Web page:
Dupuytren's contracture of the hand, or Dupuytren's disease, is a hereditary condition found mostly in adult men of Northern European descent. It is an abnormal thickening of the tissue of the hand just beneath the skin. This thickening occurs in the palm and can extend into the fingers, and usually begins as a nodule that can then form a cord. Over time, the cord can form a contracture (“Dupuytren's contracture”), thereby bending the fingers into a flexed position. Although the skin may become involved in the process, the deeper structures, such as the tendons, are not directly involved. Occasionally, the disease will cause thickening on top of the finger knuckles, or cause lumps or cords within the soles of the feet (“planar fibromatosis”). As the cord thickens and the fingers are drawn into the palms, hand function can become reduced.

There are presently three primary prior art forms of treatment of Dupuytren's disease in the United States. The oldest treatment is to make an open excision, involving either a Z-Plasty or zig-zag incision, in the palm of the hand, and the diseased tissue is then removed from the patient's palm. The disadvantage of treatment using this manner of treatment is that an extensive recovery time, including months of rehabilitation therapy to restore function in the hand, is usually required.

A more current technique of treatment is by injection of a collagenase enzyme (Xiaflex) that has been on the market for about three years. The collagenase is injected into the Dupuytren's cord, which causes the cord to dissolve and become weakened over a period of weeks, after which the cord can then be manipulated and broken by the doctor as the fingers are straightened, thereby reducing and eliminating the contracture of the fingers. The disadvantage of using this manner of treatment is that there are notable side effects, including the possibility of tendon rupture and tendon damage, tendon sheath damage, and nerve damage, because the dissolving effect of the collagenase is not limited to the Dupuytren's cord, and often repair surgery becomes necessary.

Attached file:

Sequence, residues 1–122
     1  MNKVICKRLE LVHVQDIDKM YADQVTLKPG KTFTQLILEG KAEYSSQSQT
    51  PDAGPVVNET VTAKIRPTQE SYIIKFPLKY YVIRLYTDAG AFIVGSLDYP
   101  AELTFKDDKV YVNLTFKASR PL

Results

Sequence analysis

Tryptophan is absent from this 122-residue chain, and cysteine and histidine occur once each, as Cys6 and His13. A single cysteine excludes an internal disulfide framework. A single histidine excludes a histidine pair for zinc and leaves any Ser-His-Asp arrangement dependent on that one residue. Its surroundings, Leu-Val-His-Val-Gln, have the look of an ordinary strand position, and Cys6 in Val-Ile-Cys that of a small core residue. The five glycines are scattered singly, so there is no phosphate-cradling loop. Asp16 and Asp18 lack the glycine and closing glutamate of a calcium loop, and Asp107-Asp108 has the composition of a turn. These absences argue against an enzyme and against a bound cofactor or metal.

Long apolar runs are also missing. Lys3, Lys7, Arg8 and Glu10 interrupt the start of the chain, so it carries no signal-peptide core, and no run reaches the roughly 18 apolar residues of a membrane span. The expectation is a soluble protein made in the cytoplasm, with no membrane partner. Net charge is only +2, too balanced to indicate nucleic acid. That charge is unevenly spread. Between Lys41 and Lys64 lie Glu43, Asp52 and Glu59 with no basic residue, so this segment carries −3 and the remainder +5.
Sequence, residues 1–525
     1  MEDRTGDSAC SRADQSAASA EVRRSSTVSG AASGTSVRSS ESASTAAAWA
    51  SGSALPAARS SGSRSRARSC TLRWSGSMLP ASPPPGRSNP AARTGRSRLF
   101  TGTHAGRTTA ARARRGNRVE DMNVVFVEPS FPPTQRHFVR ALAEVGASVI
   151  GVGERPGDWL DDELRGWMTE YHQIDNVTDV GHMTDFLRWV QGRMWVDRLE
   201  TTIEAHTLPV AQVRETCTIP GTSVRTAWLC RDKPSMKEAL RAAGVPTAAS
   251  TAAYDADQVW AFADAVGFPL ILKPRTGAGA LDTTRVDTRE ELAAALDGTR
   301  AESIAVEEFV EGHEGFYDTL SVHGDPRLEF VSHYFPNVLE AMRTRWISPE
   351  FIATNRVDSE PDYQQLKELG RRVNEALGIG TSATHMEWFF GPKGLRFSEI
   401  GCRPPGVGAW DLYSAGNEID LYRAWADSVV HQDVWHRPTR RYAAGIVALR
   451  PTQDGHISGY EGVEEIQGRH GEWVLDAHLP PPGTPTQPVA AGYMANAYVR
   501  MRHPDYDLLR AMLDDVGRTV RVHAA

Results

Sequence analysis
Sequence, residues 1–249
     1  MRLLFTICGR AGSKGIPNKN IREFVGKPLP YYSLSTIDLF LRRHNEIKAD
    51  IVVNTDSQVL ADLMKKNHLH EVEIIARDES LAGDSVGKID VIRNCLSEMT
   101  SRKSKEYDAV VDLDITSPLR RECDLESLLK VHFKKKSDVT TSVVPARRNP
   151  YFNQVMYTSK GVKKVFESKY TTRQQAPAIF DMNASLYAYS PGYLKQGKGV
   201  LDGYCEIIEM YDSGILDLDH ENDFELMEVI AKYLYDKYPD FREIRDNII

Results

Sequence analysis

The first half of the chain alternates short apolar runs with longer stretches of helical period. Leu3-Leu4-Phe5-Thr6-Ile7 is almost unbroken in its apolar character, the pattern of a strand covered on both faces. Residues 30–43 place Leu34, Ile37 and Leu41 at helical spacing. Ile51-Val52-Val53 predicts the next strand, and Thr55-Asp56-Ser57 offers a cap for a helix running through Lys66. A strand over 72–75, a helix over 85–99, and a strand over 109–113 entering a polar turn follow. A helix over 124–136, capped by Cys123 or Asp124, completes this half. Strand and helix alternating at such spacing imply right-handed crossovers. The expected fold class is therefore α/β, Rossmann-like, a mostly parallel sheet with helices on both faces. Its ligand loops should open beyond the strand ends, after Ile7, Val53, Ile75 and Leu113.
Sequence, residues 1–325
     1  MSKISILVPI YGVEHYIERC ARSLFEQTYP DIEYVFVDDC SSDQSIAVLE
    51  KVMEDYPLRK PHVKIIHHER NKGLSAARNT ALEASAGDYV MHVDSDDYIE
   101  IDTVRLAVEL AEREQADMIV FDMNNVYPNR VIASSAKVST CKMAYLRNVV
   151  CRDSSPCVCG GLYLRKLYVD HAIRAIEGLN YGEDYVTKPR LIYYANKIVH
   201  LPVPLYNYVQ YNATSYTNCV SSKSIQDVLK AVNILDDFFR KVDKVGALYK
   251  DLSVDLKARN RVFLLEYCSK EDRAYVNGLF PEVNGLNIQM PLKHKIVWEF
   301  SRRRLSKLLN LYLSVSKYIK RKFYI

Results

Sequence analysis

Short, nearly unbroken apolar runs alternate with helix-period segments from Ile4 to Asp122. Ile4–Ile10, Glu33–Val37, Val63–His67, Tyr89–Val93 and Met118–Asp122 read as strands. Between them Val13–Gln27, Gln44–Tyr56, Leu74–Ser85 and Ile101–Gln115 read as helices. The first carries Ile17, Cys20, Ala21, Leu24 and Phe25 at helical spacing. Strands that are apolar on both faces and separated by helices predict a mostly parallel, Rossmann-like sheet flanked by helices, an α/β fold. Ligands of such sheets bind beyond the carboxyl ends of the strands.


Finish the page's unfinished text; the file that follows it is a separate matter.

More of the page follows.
The third most common treatment in the United States is a needle aponeurotomy (“NA”), also called needle aponevrotomy or percutaneous needle fasciotomy (“PNF”). This technique was developed in France about thirty years ago, and involves manually taking a small gauge needle and repeatedly penetrating the Dupuytren's cord or band multiple times to weaken the cord, and then mechanically stretching and then breaking the cord or band by straightening out the fingers into a normal position, typically with a characteristic snap. Needle aponeurotomy has the advantage of being a non-surgical, ambulant, outpatient procedure. Typically a 25 gauge needle is used to perform the needle aponeurotomy technique, and the doctor can use a local block anesthesia to relieve the pain of the procedure while repeatedly penetrating the Dupuytren's cord. Use of a local block anesthesia rather than a general anesthesia allows the doctor to monitor if/when the medial nerve, which runs alongside the Dupuytren's cord, becomes hit by the needle. The advantage of the needle aponeurotomy technique is that there is not the significant recovery period that is required by the Z-Plasty technique, and the damage to tendons and nerves caused by collagenase enzyme injection does not occur. The disadvantage of needle aponeurotomy is that it is time consuming and tiring for a doctor to repeatedly penetrate the Dupuytren's cord until it becomes weakened, and the penetration depth of the needle into the Dupuytren's cord varies with each penetration.

It should be noted that, despite successful treatment of Dupuytren's disease with any of these treatment methods, the disease is recurrent and can also extend into other fingers, and not all of the thickening cords or bands may be apparent at the original time of treatment.

It is therefore desirable to have an apparatus and minimally invasive method for performing needle aponeurotomy for treatment of Dupuytren's contracture of the hand, such that the needle penetration of the Dupuytren's cord is of a controlled depth and at a faster rate than heretofore possible with the prior art.

BRIEF SUMMARY OF THE INVENTION